Water, water, every where,
And all the boards did shrink
Water, water, every where,
Nor any drop to drink.
(from the “Rime of the Ancient Mariner”)
Following the trail of the Somerset Flatner, we discovered a set of plans to build it had been drawn up by enthusiasts at the Watchet Boat Museum. That was how we ended up in Watchet, looking for the plans, and hoping also to see the real boat. After an interesting journey, getting to know a few more people along the way, we arrived in Watchet – possible birthplace of Coleridge’s Rime of the Ancient Mariner. An interesting small town on the coast which that day was blessed with remarkable and irrational weather…
2:00 pm: the museum opens… and we get to enter this fantastic space packed with floating inspiration, independently created and curated by a passionate and inventive local group, Friends of the Flatner. Bruce, a founding member, kindly met us at the museum and we had our first tantalising glimpse into the world of knowledge the group have accumulated over the years. We begun to realise just how complex the project is – the boat we want to build, the “Flatner” is a whole spectrum of plan variations depending on their functionality, context and owner. A couple of hours’ explanation opened windows and even doors, to look at the making of this fascinating project. Finally able to explore its history in depth, and being able to touch and handle the actual boats, we started to see the boat take shape in our minds’ eyes.
Thank you so much to Bruce, on behalf of the Watchet Boat Museum and The Friends of the Flatner. So much passion in one little shed – so much knowledge to learn from!
The River Parrett runs like a vein through this part of the Levels… it channels the flows of the landscape and brings life to it. Touching and listening to the water, we got to understand more in-depth this strong relationship of the land with the water. This river is like a thread linking the themes of the valley – it carries different types of water, different traces of history and therefore different meanings. This river contains the stories of the surroundings, its reflections show another angle on the landscape and how images can merge with its flow. It acts as a lens, and only being suspended, floating on the surface, can offer us this different perspective.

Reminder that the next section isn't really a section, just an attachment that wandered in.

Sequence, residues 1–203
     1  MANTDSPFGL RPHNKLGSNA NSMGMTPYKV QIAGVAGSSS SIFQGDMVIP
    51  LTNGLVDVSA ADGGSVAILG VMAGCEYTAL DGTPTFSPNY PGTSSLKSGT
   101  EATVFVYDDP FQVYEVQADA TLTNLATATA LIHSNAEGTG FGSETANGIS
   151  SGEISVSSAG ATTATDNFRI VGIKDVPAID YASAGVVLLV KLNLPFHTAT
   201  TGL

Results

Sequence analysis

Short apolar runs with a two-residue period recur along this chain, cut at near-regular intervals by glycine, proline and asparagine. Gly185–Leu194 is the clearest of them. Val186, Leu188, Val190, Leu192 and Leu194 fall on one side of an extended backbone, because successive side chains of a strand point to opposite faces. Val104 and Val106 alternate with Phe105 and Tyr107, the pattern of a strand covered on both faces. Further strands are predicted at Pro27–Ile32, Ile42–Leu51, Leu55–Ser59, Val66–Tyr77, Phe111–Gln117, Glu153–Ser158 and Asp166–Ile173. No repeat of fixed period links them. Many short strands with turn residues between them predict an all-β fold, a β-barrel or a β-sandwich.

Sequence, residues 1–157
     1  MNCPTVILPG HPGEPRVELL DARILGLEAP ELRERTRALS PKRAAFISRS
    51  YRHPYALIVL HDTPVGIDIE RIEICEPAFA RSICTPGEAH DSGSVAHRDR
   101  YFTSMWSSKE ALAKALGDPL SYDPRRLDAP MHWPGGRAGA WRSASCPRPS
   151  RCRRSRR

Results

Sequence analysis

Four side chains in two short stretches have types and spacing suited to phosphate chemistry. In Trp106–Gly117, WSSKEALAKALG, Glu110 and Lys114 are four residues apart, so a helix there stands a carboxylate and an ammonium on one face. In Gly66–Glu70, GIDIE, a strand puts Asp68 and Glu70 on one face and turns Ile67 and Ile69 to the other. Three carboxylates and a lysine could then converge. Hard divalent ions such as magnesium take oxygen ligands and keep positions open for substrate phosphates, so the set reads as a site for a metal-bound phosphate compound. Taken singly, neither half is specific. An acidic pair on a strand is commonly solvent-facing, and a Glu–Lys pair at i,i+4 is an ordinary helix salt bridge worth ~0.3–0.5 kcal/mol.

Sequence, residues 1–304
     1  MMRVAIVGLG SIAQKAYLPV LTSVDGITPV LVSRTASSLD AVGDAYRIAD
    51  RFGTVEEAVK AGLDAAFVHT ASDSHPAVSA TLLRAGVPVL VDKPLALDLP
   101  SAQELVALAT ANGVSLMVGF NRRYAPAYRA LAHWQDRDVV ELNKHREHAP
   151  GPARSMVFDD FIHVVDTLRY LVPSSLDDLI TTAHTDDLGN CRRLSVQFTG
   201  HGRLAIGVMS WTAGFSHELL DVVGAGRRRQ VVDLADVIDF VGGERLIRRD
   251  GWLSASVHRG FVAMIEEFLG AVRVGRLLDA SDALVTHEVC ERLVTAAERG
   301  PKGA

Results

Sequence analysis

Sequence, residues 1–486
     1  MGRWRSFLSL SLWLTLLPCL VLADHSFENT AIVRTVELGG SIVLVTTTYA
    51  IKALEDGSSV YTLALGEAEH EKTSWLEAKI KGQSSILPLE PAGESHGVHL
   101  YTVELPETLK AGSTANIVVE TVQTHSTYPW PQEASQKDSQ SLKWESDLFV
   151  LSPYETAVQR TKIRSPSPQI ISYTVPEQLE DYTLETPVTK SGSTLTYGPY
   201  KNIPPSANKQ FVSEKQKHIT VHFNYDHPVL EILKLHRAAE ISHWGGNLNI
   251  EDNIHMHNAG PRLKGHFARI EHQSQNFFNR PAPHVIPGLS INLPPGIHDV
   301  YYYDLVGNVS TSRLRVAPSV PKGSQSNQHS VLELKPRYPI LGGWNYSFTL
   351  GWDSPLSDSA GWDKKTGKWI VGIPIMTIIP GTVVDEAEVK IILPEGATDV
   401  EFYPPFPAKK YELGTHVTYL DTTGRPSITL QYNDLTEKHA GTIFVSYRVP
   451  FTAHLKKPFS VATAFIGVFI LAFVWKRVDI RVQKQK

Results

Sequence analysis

Many stories have been told about the floods and the river. The media, the locals, the experts translate into words what their actual relationship with the river is. However, the watery heritage of Somerset is more than that, and by being immersed in this research, looking at it from different views and different perspectives, already we begin to see the depth and complexity of this relationship between the land and the water, and how people have adjusted themselves to it, and it to them. We both have been looking at Somerset for few years as one of the interests in our research. However, by being in the river I could see all the points of view coming together in one drawing that so far is just a sketch, and will be many more sketches, during this project and future ones.
“Eyes can see widely: They can cross a river in full flood”. (Tswana proverb)
The following text is reproduced from a forthcoming notice in the next edition of the Langport Leveller with thanks to Janet Seaton.
Artists Seila Fernandez Arconada and Jethro Brice are working on a project with community groups in the Langport area, to recreate this iconic local boat – a flat-bottomed craft valued for its stability in a changeable landscape. Please get in touch if you have information, stories or pictures relating to the traditional Somerset Flatner and its smaller cousins, the Turf boat, Withy boat and Flattie. We are interested in collecting local memories to flesh out what we know from museums and archives – and perhaps even finding an original boat in somebody’s barn!
For more information about the project please visit http://www.some-when.co.uk.
Contact us on firstname.lastname@example.org
Mannering, J (2008), The directory of inshore craft: Traditional working vessels of the British Isles, Barnsley, Seaforth Publishing, Pen & Sword Books Ltd